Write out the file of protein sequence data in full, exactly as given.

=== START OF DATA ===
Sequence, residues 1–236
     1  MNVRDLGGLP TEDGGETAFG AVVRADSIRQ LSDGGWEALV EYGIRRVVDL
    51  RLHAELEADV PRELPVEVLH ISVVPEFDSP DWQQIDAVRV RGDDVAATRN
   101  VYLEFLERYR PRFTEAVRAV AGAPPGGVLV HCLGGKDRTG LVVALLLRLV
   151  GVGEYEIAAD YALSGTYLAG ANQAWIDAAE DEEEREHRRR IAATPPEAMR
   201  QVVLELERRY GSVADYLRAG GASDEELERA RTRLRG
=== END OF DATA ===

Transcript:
Sequence, residues 1–236
     1  MNVRDLGGLP TEDGGETAFG AVVRADSIRQ LSDGGWEALV EYGIRRVVDL
    51  RLHAELEADV PRELPVEVLH ISVVPEFDSP DWQQIDAVRV RGDDVAATRN
   101  VYLEFLERYR PRFTEAVRAV AGAPPGGVLV HCLGGKDRTG LVVALLLRLV
   151  GVGEYEIAAD YALSGTYLAG ANQAWIDAAE DEEEREHRRR IAATPPEAMR
   201  QVVLELERRY GSVADYLRAG GASDEELERA RTRLRG